Is patient dumping a form of nursing home abuse?

Get Help Now

Patient dumping is not discussed as often as other forms of nursing home neglect, but it can cause serious harm. This practice can lead to a lack of necessary medical care as well as great psychological trauma. For this reason, victims of patient dumping are entitled to monetary compensation via a nursing home abuse claim.  Nursing home patient dumping

About Patient Dumping

Patient dumping is perhaps one of the most disturbing forms of nursing home abuse. Patient dumping occurs when a nursing home gives away a resident's bed while he is receiving hospital care. When the resident is discharged from the hospital and wants to return to the nursing home, he is told there is no bed to return to. The resident's family must then struggle to find a suitable placement, since the resident cannot live independently under any circumstances

Reasons for Patient Dumping

Unscrupulous nursing homes are trying to illegally evict residents in order to maximize profit. Patient dumping victims are often those who require the most staff time and the highest levels of care. By illegally evicting these residents, a facility is free to offer beds to new residents who will use fewer company resources.

Medicaid recipients are also vulnerable to patient dumping due to Medicaid low reimbursement rates. By replacing Medicaid patients with those who can pay for their care with private, long-term care insurance or their own personal resources, the facility is able to maximize profit with a minimal amount of effort.

Patient Dumping Is Illegal

Federal law prohibits patient dumping. Under the Code of Federal Regulations (CFR) 42 CFR 483, a nursing home must permit a resident to remain in the facility unless one or more of the following conditions apply:

  • The nursing home is closing its doors and will no longer be in business.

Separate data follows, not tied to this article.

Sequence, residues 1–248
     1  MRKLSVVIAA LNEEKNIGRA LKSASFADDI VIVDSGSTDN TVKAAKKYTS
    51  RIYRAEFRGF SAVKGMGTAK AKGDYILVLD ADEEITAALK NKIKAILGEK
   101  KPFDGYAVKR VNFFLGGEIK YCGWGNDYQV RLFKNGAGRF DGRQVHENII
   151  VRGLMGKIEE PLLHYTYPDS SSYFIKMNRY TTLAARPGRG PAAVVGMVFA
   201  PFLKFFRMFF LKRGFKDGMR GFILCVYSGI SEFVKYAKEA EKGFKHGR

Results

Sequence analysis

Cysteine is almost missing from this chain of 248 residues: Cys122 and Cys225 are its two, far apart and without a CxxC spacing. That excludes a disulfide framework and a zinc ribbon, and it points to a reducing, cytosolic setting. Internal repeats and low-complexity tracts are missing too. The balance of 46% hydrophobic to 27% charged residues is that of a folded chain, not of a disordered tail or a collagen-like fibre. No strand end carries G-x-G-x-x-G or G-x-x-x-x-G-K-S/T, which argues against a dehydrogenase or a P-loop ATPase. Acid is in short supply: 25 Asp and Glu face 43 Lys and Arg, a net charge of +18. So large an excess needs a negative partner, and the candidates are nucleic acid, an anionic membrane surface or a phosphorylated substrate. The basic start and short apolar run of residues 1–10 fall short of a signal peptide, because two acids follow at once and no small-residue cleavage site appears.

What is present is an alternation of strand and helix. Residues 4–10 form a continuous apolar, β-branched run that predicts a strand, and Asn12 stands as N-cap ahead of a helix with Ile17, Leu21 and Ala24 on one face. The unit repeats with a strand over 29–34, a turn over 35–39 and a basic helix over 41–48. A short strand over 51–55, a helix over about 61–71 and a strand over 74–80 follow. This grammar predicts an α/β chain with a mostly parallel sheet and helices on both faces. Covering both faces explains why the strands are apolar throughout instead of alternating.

• The resident's presence is endangering the safety of individuals in the facility.
  • The resident's presence is endangering the health of individuals in the facility.
  • The resident's health has improved to the extent that he no longer needs the services provided by the facility.
  • The resident's condition has changed, and the facility is no longer able to meet his care needs.
  • The resident has failed to pay for his stay at the facility, despite having received reasonable and appropriate notice of the charges.

If a facility wishes to evict a resident, the reason for eviction must be specifically documented, and the appropriate parties must be contacted to ensure that the resident's future care needs will still be met.

Relationship to Other Forms of Nursing Home Abuse

Patient dumping can occur alongside other forms of nursing home abuse, including physical abuse, verbal abuse, medication theft, or understaffing. Talking with your loved one as well as other family members and visitors to the facility can help you determine if there are additional concerns regarding the quality of care that your loved one has received.

Filing a Nursing Home Abuse Claim

A nursing home abuse claim is a type of civil proceeding that requests compensation for medical treatment and pain and suffering related to the actions of the care facility. However, if your loved one is currently receiving Medicaid or Medicare benefits, these programs will have a lien on a percentage of any settlement that you recover.

To have a successful nursing home abuse claim, you must be able to establish the following three key elements:

Duty Of Nursing Home Care

Based on the terms of the facility contract, the nursing home had a legal duty to provide care to your loved one.

Breach Of Nursing Home Duties

The nursing home failed to provide an acceptable level of care to your loved one.

Damages In A Nursing Home Neglect Case 

As a result of the nursing home's actions, your loved one suffered specific damages. This can include the worsening of a pre-existing medical condition or psychological distress due to being illegally evicted from the facility.

Retaining the services of an experienced nursing home abuse attorney is the best way to protect your loved one's legal rights. The dedicated legal team at Neblett, Beard & Arsenault can locate evidence of negligence, document damages, and negotiate for the highest possible settlement. Contact us online or call us directly at 318.588.6303 to schedule a free, no-obligation case review.


William S. Neblett
Attorney William Neblett practices personal injury, maritme, medical malpractice and nursing home abuse law.